This book provides an in-depth explanation of newer methods of attachment-informed treatment, such as schema therapy for patients with personality disorders and Accelerated Experiential Dynamics Psychotherapy (AEDP), whereas other books have omitted to only promote their own theory or approaches.
In addition to these methods are the following:
Metacognitive attachment-informed psychotherapies, which include Mentalization Based Treatment (MBT), the modular approach to metacognitive development.
Beyond mentalizing and the representational self is Mindfulness and transcendence of self. From this approach evolved a Consensus -Based Model for Attachment Treatment. This was developed by Brent Mallinckrodt in 2009.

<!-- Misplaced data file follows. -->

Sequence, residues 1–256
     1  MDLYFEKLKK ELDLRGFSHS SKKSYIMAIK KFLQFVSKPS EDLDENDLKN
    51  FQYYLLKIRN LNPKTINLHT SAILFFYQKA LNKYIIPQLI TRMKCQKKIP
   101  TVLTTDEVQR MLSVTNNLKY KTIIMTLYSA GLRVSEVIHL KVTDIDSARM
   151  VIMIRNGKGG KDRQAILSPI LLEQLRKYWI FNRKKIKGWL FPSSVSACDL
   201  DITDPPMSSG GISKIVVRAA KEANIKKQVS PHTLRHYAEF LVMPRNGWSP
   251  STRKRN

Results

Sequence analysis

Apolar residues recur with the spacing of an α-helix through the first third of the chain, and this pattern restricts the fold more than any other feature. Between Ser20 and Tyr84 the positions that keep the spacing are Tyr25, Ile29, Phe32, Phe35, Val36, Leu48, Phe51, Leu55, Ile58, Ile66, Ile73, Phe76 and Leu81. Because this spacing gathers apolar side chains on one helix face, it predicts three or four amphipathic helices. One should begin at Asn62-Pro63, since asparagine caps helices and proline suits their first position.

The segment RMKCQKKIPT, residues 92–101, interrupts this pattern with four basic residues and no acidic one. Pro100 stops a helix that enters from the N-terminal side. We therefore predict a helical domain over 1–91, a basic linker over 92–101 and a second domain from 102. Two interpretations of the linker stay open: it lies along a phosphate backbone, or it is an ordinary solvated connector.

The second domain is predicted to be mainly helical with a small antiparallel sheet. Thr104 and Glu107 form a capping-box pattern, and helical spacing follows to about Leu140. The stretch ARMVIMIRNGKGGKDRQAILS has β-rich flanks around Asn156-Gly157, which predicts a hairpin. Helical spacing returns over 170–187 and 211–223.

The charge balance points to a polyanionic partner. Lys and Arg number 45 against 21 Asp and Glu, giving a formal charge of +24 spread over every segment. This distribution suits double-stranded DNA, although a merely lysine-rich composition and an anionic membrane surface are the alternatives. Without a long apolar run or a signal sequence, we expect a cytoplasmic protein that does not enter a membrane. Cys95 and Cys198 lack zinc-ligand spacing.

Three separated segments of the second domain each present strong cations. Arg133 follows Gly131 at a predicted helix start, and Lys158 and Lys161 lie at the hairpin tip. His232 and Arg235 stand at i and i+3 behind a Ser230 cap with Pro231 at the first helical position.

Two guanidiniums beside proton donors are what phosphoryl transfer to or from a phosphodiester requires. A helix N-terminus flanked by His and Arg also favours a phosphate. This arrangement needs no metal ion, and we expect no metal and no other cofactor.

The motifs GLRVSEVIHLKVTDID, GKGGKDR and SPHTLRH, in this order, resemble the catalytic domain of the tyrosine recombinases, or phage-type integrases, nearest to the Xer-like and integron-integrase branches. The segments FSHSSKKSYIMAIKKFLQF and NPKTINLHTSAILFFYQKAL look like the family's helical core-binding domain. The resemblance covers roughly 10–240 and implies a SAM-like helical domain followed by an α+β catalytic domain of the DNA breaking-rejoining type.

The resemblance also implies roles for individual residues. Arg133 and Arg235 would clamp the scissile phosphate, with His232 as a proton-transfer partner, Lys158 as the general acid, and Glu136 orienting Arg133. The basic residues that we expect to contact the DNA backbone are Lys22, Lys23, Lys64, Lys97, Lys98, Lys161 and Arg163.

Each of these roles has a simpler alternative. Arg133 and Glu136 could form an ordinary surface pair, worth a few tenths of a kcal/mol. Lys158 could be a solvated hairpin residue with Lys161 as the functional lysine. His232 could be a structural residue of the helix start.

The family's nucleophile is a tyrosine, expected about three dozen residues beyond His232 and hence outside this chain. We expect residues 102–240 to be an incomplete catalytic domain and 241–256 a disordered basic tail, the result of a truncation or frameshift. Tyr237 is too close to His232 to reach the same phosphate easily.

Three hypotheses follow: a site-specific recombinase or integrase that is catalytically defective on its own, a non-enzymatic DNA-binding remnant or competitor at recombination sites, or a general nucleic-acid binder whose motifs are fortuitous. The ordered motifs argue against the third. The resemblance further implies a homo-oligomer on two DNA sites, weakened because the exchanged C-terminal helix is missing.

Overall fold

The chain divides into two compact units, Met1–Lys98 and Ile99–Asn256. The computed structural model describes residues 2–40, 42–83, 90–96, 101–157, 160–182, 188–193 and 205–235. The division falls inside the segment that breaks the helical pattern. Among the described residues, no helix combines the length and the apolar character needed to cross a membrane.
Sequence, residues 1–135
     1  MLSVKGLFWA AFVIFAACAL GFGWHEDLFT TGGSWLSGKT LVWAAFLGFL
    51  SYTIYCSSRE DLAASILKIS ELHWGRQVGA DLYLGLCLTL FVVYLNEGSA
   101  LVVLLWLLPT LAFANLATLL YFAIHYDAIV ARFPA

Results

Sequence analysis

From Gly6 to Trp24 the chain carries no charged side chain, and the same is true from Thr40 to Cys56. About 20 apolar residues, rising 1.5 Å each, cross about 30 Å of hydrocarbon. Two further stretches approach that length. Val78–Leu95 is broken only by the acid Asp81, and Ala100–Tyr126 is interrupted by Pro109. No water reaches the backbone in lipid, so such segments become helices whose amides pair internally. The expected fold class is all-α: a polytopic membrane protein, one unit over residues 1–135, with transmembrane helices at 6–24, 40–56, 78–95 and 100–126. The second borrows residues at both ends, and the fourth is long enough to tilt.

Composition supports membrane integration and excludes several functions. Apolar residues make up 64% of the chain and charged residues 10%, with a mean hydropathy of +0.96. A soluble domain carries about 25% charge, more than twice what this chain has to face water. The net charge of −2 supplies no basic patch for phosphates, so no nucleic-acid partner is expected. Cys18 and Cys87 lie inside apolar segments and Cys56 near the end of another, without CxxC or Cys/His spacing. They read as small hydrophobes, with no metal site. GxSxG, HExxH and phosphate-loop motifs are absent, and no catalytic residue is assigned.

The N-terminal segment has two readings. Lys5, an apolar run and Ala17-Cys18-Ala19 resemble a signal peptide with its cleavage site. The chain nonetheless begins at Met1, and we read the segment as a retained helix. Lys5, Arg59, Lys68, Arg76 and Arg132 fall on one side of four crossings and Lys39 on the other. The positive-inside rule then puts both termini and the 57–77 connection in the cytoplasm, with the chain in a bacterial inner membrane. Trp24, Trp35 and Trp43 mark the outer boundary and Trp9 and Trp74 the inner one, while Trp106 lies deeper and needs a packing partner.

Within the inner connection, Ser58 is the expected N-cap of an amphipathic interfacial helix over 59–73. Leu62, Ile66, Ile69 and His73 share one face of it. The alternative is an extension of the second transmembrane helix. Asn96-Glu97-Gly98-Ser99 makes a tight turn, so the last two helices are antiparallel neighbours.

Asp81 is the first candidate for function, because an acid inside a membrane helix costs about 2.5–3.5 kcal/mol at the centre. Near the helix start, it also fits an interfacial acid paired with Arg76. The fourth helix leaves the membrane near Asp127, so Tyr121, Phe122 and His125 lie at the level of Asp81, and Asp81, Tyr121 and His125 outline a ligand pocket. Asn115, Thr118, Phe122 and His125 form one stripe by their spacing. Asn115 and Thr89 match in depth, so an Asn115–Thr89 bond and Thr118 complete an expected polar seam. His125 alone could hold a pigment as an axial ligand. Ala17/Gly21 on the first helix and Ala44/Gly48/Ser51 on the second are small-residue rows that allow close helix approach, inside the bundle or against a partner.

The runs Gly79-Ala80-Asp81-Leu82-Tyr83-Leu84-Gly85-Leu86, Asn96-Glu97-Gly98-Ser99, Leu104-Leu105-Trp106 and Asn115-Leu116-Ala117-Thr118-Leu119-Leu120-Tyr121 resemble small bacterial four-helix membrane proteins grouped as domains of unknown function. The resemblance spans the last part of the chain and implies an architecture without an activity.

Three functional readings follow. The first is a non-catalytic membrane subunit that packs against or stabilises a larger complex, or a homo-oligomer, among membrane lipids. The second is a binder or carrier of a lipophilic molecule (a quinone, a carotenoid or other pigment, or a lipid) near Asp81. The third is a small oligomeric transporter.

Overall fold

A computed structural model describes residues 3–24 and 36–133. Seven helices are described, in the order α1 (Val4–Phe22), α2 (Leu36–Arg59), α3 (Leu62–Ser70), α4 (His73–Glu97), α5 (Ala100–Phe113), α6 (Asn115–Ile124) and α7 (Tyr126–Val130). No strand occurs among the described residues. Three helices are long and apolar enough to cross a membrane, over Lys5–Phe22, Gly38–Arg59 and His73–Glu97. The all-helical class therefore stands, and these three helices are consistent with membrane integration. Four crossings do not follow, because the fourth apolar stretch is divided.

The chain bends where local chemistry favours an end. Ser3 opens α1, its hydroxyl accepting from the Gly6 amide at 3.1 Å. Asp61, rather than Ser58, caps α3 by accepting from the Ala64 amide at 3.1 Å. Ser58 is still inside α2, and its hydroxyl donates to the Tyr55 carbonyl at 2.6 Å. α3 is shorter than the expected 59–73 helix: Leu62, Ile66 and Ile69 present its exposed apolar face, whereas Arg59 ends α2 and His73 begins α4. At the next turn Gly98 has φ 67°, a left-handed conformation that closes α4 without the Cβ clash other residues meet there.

From these various methods emerged the comprehensive treatment of Attachment Disturbances developed by Dr. Brown and Dr. Elliot, entitled the Three Pillars. The next part of the their book focuses on the explanation of the Three Pillars, then a comprehensive, step-by-step explanation of how to use this treatment approach with each attachment type.
Three Pillars of Comprehensive Attachment Treatment
The three pillars include the following:
Pillar 1: The Ideal Parent Figure (IPF) Protocol.
Pillar 2: Fostering a range of Metacognitive Skills.
Pillar 3: Fostering collaborative nonverbal and verbal behavior.
The first pillar, involving the ideal parent figure, includes the following essentials:
1) Felt secure/protection
2) Feeling seen and known/attunement
3) Felt comfort/soothing and reassurance
4) Feeling valued/expressed delight